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South Carolina State Climatology Office
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South Carolina Drought News Release

South Carolina Department of Natural Resources
Land, Water and Conservation Division
South Carolina Drought Response Program
Department of Natural Resources News (803) 734-4133

SPECIAL NEWS RELEASE August 19, 1998 Drought Status Report

Although widespread showers helped to relieve the dry conditions across most of the State this past week, some areas still need additional precipitation. Several locations received rainfall in excess of five inches this past weekend while others reported less than a quarter of an inch. Indices by which drought is measured show that 15% of South Carolina continues to experience moderate drought conditions with 40% of the state in the mild drought category as of August 15, 1998. The South Carolina Agricultural Statistics Service reported that soil moisture ended last week at 8% very short, 24% short, 65% adequate, and 3% surplus.

The widespread showers have alleviated the moderate drought conditions for most counties except those in the west central and parts of the southern region where rainfall has remained limited (see Rainfall Summary Table below). Therefore, the South Carolina Department of Natural Resources (SCDNR) has downgraded the moderate declaration to an incipient drought for all counties except Aiken, Allendale, Bamberg, Barnwell, Edgefield, Hampton, Jasper, Orangeburg, and Saluda. The moderate drought declaration remains in effect for these counties. The four levels of drought severity and respective responses as defined by the South Carolina Drought Response Act of 1985 are:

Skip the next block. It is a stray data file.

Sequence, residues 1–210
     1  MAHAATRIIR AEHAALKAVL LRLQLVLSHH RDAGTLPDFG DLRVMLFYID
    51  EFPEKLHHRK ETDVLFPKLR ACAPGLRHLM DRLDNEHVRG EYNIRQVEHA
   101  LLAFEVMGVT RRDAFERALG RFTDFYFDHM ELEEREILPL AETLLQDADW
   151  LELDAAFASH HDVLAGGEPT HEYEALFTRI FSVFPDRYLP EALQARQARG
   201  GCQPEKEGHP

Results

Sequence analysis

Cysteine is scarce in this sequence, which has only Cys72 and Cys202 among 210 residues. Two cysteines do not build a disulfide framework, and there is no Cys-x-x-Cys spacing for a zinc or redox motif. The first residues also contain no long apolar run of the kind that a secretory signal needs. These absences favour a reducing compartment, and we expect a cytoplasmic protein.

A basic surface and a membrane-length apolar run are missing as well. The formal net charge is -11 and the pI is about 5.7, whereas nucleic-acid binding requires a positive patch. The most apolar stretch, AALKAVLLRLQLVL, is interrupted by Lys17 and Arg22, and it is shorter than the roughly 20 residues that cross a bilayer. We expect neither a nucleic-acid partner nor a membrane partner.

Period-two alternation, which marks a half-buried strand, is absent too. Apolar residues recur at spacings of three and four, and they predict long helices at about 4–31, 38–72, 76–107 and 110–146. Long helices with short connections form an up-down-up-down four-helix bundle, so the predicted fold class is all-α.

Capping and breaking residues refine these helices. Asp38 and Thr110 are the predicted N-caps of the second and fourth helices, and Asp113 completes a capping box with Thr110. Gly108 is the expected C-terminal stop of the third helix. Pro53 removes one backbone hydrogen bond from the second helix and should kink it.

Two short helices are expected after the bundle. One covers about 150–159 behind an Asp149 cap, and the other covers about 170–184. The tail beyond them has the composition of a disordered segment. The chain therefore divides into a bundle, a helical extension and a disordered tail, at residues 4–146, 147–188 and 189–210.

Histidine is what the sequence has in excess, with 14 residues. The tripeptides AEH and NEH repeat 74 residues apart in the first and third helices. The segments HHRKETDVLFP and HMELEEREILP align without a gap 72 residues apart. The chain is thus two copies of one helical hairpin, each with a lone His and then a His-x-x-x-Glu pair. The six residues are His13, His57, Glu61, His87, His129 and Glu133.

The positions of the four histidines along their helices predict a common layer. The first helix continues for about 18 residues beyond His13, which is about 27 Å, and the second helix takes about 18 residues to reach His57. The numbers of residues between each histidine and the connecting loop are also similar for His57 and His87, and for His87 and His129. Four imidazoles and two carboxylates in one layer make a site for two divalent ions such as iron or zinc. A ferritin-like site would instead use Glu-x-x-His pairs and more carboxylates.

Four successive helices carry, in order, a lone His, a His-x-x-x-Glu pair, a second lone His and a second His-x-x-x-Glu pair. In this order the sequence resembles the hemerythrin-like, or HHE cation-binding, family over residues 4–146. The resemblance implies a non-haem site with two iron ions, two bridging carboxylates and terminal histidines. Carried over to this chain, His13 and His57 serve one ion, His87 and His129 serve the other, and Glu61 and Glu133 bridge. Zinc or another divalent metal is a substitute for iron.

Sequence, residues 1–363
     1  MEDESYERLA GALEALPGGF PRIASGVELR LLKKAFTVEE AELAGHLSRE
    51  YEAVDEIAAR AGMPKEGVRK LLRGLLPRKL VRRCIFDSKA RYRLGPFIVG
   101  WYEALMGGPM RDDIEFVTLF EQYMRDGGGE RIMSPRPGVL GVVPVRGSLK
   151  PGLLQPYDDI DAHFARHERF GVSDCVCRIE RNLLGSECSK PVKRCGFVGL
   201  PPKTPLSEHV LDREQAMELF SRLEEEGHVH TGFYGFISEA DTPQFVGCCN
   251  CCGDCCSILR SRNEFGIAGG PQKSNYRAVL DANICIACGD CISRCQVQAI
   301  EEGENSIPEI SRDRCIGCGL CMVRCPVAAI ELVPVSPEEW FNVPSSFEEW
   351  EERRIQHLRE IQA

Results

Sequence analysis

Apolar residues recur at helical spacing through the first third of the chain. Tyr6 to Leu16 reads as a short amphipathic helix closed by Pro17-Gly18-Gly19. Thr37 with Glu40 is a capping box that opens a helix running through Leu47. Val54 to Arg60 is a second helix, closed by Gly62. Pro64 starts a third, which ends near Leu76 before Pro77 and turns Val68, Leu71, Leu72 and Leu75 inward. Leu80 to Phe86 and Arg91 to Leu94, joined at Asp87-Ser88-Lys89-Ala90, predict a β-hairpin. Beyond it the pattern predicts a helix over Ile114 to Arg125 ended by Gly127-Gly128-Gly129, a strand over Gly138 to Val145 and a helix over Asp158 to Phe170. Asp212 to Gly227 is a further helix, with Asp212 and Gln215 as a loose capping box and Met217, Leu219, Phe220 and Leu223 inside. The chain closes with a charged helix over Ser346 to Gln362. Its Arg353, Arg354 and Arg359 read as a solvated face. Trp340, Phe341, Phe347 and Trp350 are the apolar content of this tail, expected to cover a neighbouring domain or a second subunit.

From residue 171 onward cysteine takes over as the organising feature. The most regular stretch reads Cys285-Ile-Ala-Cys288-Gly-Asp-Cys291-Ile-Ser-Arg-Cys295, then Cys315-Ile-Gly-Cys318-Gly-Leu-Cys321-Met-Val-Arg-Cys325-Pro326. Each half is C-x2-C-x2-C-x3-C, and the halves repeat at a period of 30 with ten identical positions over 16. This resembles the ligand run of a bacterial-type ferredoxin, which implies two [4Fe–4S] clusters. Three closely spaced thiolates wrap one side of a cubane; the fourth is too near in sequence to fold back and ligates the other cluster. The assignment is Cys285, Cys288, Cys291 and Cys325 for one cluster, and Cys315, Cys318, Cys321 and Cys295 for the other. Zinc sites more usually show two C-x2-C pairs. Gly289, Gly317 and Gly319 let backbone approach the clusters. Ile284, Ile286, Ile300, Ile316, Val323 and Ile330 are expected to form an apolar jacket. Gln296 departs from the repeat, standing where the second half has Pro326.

Despite the varying levels of drought severity, water supplies across the State are stable. Streamflows and lake elevations reflect the rainfall conditions with low streamflows in the west central and southern portions of the state. Streamflows in the drier areas are less than 25% of the average August historical flow. River flow will continue to decrease without precipitation. Low flows impact fish and wildlife, water withdrawals, and water quality.

The SCDNR's Land, Water & Conservation Division will continue to monitor and assess drought-related variables such as temperature, precipitation, streamflow, ground-water levels, reservoir levels, soil moisture, and public water supplies. The department will publish the appropriate notices in the affected areas. Mayors, county administrators, public service districts and local water suppliers are asked to keep their drought ordinances activated. Integrated drought information is available on the DNR's

State Climatology Office Internet Web Site


South Carolina Preliminary Precipitation Summary

July 20 - August 19, 1998

Station Name            % of Normal Rainfall
Aiken                   61%
Edisto Island           52%
Anderson                68%
Florence                95%
Beaufort                61%
Greenville-Spartanburg  93%
Bishopville             143%
Hampton                 53%
Blackville              40%
Johnston                86%
Caesars Head            67%
Kingstree               78%
Camden                  188%
Loris                   147%
Cades                   70%
Myrtle Beach            132%
Calhoun Falls           132%
Saluda                  59%
Cedar Creek             125%
Pelion                  86%
Charleston              107%
St. George              54%
Cheraw                  163%
Sumter                  123%
Chester                 131%
Orangeburg              35%
Clark Hill              55%
Union                   126%
Columbia                73%
Walhalla                72%
Conway                  148%
Walterboro              70%
Dillon                  146%
Ware Shoals             96%
Edgefield               60%
West Pelzer             66%

Find out more about the State Climatology Office at http://www.dnr.sc.gov/climate/sco/ or by calling (803) 734-9100.

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